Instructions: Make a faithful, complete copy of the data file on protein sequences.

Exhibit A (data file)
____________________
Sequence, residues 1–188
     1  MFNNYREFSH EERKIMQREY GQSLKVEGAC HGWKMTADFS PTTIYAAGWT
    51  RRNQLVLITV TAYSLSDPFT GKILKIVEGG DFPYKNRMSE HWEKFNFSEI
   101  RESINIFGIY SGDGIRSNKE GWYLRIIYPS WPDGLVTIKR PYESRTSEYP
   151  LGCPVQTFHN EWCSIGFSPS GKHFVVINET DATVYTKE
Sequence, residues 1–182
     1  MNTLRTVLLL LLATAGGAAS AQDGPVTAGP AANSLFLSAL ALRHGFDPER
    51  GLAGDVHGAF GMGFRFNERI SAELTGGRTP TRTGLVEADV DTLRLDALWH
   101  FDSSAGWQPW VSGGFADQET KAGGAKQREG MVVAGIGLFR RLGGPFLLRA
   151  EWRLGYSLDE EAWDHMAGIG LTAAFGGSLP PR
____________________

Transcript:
Sequence, residues 1–188
     1  MFNNYREFSH EERKIMQREY GQSLKVEGAC HGWKMTADFS PTTIYAAGWT
    51  RRNQLVLITV TAYSLSDPFT GKILKIVEGG DFPYKNRMSE HWEKFNFSEI
   101  RESINIFGIY SGDGIRSNKE GWYLRIIYPS WPDGLVTIKR PYESRTSEYP
   151  LGCPVQTFHN EWCSIGFSPS GKHFVVINET DATVYTKE
Sequence, residues 1–182
     1  MNTLRTVLLL LLATAGGAAS AQDGPVTAGP AANSLFLSAL ALRHGFDPER
    51  GLAGDVHGAF GMGFRFNERI SAELTGGRTP TRTGLVEADV DTLRLDALWH
   101  FDSSAGWQPW VSGGFADQET KAGGAKQREG MVVAGIGLFR RLGGPFLLRA
   151  EWRLGYSLDE EAWDHMAGIG LTAAFGGSLP PR